Education bill: The Florida House Education Committee passes H.B. 733, the nearly all-inclusive education bill that would cut standardized testing and make significant changes to the state’s K-12 education system. The bill does not include mandatory recess time for elementary students, which is in the Senate’s proposal. Miami Herald. Sunshine State News. Florida Politics. Included in a 76-page amendment to the bill are several provisions to help charter and virtual schools. redefinED. The feud between House and Senate leaders over the state budget continues, though several still think they can reach an agreement before the session is scheduled to end May 5. News Service of Florida. Sunshine State News.

Autonomy for schools: A bill passed by the House would broaden autonomy for principals from a pilot program in seven districts to the highest-performing 20 percent of all public schools. Under the pilot program, principals at low-performing schools have greater control over hiring and would be freed from some state regulations. redefinED.

Teacher contracts: Two special state magistrates have issued different interpretations to districts about whether they can negotiate contract renewal guarantees for teachers who are rated highly effective or effective. In both cases, the districts told the teachers unions a 2011 law did not allow guaranteed teacher contracts. Unions in St. Johns and Pasco counties wouldn’t agree to a contract without that guarantee. In St. Johns, a magistrate agreed with the teachers union. In Pasco, a magistrate sided with the district. Gradebook.

High school rankings: Pine View School in Osprey is rated the top high school in the state in the latest U.S. News & World Report’s rankings. Design and Architecture Senior High in Miami is second, International Studies Charter High School in Miami third, International Studies Preparatory Academy in Coral Gables fourth, and Westshore Junior/Senior High School in Melbourne fifth. U.S. News & World Report. Miami HeraldNaples Daily News. South Florida Business Journal. Continue Reading →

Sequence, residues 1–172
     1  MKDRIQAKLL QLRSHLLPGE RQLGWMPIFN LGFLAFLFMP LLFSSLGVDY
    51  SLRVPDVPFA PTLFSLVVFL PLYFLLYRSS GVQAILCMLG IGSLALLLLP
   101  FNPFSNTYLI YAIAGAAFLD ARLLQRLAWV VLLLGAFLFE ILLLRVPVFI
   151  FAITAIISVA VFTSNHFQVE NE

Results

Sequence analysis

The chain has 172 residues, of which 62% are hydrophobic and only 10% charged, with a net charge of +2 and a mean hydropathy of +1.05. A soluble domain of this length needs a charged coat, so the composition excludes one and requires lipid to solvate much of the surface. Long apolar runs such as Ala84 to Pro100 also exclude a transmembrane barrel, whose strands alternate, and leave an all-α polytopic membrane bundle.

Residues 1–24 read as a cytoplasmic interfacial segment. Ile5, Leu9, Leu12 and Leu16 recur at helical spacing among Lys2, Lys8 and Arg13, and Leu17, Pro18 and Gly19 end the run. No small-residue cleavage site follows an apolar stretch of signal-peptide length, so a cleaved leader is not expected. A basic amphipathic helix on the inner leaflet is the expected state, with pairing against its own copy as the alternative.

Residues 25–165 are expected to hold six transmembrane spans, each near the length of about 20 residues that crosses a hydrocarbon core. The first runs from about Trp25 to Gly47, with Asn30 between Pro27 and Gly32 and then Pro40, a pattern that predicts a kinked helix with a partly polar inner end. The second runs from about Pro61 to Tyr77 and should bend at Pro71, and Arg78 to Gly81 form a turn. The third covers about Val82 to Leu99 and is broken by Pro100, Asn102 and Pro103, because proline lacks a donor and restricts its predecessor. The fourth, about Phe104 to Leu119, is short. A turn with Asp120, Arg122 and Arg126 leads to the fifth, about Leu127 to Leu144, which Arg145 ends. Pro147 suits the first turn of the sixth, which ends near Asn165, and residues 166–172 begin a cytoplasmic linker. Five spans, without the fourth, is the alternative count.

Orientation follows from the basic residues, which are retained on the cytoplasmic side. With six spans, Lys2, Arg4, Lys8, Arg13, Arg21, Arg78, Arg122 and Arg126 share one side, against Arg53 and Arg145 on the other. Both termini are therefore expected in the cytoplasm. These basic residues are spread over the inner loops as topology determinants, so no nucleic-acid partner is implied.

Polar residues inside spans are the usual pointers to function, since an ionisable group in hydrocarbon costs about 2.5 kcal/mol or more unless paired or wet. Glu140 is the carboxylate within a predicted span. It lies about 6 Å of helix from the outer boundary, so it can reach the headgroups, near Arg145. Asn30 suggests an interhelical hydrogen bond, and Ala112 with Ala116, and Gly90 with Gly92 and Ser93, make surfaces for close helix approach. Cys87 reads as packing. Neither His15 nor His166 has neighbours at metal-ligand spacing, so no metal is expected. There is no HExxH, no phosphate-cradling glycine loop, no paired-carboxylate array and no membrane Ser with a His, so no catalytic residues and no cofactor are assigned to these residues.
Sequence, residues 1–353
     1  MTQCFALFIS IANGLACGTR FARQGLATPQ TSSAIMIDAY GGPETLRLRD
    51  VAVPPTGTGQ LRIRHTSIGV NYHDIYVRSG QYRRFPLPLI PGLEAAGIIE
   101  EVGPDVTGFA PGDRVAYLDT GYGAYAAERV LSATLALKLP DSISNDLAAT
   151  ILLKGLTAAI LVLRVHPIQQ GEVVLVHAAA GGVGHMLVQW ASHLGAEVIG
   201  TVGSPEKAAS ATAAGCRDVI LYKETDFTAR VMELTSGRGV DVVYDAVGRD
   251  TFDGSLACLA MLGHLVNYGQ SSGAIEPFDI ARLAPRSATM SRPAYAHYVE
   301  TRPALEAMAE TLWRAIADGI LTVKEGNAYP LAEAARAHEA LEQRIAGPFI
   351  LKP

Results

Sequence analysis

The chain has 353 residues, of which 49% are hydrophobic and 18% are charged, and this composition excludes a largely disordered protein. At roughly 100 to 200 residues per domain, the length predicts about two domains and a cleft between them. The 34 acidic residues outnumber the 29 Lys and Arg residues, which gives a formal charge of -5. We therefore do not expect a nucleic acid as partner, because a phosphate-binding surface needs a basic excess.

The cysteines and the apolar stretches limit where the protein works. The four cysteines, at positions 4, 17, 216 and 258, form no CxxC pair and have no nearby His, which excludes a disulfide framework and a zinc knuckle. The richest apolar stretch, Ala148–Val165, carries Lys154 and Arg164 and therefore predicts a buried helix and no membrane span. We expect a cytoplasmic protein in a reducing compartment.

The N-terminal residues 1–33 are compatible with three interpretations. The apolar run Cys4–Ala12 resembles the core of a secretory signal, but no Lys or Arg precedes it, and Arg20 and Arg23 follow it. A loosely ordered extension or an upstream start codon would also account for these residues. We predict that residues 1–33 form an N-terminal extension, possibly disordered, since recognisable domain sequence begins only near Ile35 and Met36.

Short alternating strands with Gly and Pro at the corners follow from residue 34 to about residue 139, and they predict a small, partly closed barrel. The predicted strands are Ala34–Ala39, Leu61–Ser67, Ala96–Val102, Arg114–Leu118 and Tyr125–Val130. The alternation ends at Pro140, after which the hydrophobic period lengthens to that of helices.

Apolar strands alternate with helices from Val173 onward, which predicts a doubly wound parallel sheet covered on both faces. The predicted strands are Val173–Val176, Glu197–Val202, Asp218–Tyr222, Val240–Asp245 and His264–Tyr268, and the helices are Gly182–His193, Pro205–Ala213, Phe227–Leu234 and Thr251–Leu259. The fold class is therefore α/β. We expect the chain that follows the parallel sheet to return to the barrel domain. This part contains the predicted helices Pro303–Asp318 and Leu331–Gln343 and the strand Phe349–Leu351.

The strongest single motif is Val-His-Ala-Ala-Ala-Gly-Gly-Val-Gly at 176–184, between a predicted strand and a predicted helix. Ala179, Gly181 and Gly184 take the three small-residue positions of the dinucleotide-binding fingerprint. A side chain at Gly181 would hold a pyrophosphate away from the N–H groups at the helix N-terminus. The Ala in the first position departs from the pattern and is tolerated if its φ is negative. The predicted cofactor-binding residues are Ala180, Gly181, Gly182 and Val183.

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Revised house bill would expand options for charter and virtual schools

Rep. Manny Diaz

The Florida House Education Committee revised a testing bill today to include an amendment that would help charter and virtual schools.

Rep. Manny Diaz, R-Hialeah, filed a 76-page amendment to HB 773, adding certain aspects of several education bills.

The amendment includes a portion HB 7101 by Rep. Bob Cortes, R-Altamonte Springs that would allow high-performing charters to replicate more than once per year if they open in an area served by a persistently low-performing school.

It also includes provisions from HB 833, by Rep. Jennifer Sullivan, R-Mount Dora, allowing all students to have access to online courses.

Sullivan’s bill — and the companion bill by Sen. Dennis Baxley, R-Ocala — would give students in second through fifth grade who did not attend public school the ability to enroll in part-time virtual instruction.

Diaz also added terminology from HB 1111, which would give charter schools more freedom to train teachers and get them certified. The bill would create a new mentorship-based path to a Florida teaching certificate, and allow charter schools and charter school management companies to create their own teacher mentorship programs.

Rep. Larry Lee, D-Port St. Lucie, joined colleagues from both parties who approved the revised bill.

“I am going to be supporting this bill,” he said. “It needs a little bit of work. I am of the opinion that let’s not let perfect get in the way of good.”